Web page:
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Back Pain

What Is Back Pain?

Last modified: 
09/01/2014 - 10:42

Contributing Author: Guy Slowik FRCS

Back pain is one of the most common physical complaints among adults - and a chief cause of misery for many. At some point in their lives, most people will experience some sort of back discomfort.

Back pain describes pain or discomfort felt in the upper, middle, or lower back. The pain may extend to the hips and legs. The back consists of a complex arrangement of bone, ligaments, joints, muscles, and nerves, and pain can result from a problem with any of these components.

The most common type of back pain is low back pain. That's because the lower portion of the back is under the most pressure when a person is sitting or lifting, and it can be easily damaged.

There are many causes of back pain.

  • The most common cause is a strain of the back, which is a small tear of the back muscles or ligaments. This usually results from a sudden or awkward movement, or from lifting a heavy object. But often, a person can't remember a particular incident that brought on the pain.
  • Other common causes include poor muscle tone in the back, tension or spasm of the back muscles and problems with the joints that make up the back.

Nice To Know:

Some 50 years ago, back pain was seen in simple terms. Today, there is better understanding of the complex nature of the spinal structures, and the relationship of the brain and spinal cord. As a result, the causes of back problems are identified with much greater accuracy but in some cases may still be elusive.

Back pain can be classified as either:

  • Acute - Sudden pain that lasts for just a short while, usually a few days to a few weeks.
  • Chronic - Pain that lasts for more than three month, or pain that recurs.

Statistics show that with simple treatment, up to 90% of people with acute back pain improve within one month and up to 60% improve within a week. Even severe back pain due to a herniated disc often resolves within six weeks, as the protruding discs begins to shrink.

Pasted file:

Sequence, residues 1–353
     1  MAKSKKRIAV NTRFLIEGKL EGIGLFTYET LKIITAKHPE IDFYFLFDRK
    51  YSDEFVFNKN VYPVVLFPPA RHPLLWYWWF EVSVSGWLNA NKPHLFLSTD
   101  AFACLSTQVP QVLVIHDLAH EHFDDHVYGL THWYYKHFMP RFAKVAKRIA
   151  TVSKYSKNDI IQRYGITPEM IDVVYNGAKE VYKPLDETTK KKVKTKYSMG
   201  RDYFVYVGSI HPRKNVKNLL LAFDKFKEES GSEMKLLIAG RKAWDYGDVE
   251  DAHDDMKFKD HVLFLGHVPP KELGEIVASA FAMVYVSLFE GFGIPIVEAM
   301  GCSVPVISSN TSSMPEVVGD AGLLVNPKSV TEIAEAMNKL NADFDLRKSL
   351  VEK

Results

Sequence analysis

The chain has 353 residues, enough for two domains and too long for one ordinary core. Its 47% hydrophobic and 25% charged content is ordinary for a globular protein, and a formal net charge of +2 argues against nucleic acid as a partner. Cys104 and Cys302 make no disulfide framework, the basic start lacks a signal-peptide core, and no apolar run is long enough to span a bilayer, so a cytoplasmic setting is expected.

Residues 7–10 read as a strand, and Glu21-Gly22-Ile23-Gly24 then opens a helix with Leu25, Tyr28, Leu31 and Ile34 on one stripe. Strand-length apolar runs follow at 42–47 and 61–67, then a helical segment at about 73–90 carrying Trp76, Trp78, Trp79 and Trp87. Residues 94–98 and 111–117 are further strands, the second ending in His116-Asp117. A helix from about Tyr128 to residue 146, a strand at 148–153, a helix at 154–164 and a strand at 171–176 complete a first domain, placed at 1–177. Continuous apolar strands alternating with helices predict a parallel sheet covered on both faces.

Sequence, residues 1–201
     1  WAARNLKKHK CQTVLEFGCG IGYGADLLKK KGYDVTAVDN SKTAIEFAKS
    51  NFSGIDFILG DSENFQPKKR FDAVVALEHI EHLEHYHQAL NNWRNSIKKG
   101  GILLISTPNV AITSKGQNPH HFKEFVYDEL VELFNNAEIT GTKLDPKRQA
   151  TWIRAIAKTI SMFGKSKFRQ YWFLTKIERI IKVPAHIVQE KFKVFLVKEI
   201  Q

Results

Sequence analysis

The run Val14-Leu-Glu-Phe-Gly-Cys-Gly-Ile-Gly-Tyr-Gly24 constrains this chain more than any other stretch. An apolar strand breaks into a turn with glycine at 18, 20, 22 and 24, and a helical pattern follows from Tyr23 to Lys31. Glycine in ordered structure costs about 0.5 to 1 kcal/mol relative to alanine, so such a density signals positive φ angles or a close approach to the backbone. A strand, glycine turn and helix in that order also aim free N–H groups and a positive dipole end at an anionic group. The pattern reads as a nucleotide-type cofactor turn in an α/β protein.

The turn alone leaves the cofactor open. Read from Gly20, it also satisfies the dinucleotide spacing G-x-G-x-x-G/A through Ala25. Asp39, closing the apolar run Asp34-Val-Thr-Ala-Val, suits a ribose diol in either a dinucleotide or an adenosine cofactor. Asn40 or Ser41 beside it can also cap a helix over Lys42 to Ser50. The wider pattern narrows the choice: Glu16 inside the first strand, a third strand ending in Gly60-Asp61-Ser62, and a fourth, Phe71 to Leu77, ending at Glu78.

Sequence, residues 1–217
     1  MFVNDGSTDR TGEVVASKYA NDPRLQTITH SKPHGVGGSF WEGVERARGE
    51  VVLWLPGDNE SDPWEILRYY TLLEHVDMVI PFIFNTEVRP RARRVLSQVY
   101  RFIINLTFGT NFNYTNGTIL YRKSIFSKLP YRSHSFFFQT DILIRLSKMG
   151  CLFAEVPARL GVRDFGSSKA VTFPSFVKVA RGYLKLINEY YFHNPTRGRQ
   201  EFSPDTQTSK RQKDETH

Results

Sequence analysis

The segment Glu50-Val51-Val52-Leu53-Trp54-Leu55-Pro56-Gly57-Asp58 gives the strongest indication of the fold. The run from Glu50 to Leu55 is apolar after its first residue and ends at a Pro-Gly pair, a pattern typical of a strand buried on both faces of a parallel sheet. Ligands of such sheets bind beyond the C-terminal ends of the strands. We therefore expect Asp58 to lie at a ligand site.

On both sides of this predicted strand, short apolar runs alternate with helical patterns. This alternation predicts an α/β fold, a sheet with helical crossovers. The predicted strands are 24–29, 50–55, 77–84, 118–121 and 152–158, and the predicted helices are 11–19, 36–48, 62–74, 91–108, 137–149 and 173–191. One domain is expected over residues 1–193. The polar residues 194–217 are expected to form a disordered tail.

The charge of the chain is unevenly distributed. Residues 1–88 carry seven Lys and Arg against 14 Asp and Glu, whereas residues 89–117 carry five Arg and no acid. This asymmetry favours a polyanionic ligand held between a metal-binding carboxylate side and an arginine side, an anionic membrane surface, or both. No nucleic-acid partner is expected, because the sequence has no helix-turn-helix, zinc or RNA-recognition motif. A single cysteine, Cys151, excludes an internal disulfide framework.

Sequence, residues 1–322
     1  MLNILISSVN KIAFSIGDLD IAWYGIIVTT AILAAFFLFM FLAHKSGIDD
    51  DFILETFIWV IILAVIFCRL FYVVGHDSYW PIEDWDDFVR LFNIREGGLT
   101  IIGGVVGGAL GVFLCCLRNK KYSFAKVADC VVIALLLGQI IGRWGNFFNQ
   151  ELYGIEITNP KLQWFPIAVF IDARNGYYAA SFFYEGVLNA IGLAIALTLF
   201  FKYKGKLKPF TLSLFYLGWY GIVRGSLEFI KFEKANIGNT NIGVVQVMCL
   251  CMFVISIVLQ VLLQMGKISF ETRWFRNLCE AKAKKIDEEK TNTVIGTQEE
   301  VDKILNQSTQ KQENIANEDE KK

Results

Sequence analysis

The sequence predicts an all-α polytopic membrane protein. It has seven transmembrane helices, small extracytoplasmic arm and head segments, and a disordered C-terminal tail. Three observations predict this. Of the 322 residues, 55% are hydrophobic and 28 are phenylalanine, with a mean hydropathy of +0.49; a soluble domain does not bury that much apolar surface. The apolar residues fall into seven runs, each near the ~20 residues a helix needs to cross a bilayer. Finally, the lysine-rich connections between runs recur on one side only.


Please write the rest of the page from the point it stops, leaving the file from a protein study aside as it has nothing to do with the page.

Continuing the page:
Fortunately, most cases of acute low back pain improve quickly - within a few days, or sometimes within a few weeks. And in less than 5% of people the pain persists and becomes chronic.

Nice To Know:

How common is low back pain?

Low back pain is common. At some point in their lives, most people will experience some form of back discomfort. Some researchers believe that back pain is a problem of civilization - primitive tribes lived by hunting and did not experience the type of back pain that comes from sitting in chairs, in today's culture, from our very childhood at school. Other researchers believe that people began to experience back pain as soon as man began to walk in an upright manner. Despite today's increasing medical technology and understanding, back pain continues to be an obvious and complex problem.

Who Is At Risk?

Certain people are at higher risk for back pain, including:

  • Those whose work includes heavy labor or long periods of sitting and standing.
  • Those who are "out of shape," as they may have let the muscles in the abdomen and back become weak and easily fatigued, placing extra strain on the muscles and joints of the back.
  • Those who have jobs that subject their backs to a lot of vibration.
  • Those who do heavy lifting without having the proper education and training to lift correctly.
  • Those who smoke (smokers are more likely than nonsmokers to suffer from back pain).

Facts About Back Pain

  • In the U.S., back pain competes with the common cold as the leading reason why people see a physician.
  • Back pain is the number-one cause of disability in workers under age 45.
  • Aside from the physical distress, back pain carries steep economic costs - an estimated $20 to $50 billion annually in medical treatments and disability payments.
  • Most episodes of acute back pain go away within a month.
  • Despite today's medical technology, many forms of treatment do not affect the course of most acute low back pain episodes.
  • Only 10% of those suffering from acute back pain require special diagnostic testing.

 

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Back Pain

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From Andrew Maynard - Chair of the University of Michigan Department of Environmental Health Sciences, with help from David Faulkner - 2013 Master of Public Health graduate.